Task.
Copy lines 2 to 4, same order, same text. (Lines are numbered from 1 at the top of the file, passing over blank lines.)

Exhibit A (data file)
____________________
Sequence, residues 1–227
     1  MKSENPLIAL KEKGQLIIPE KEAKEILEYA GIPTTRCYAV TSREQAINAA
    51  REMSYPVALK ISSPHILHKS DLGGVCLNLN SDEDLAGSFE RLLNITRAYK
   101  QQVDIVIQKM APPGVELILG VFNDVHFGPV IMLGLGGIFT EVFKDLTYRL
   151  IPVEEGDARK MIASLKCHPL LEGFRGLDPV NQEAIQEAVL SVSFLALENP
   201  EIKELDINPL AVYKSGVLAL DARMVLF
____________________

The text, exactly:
     1  MKSENPLIAL KEKGQLIIPE KEAKEILEYA GIPTTRCYAV TSREQAINAA
    51  REMSYPVALK ISSPHILHKS DLGGVCLNLN SDEDLAGSFE RLLNITRAYK
   101  QQVDIVIQKM APPGVELILG VFNDVHFGPV IMLGLGGIFT EVFKDLTYRL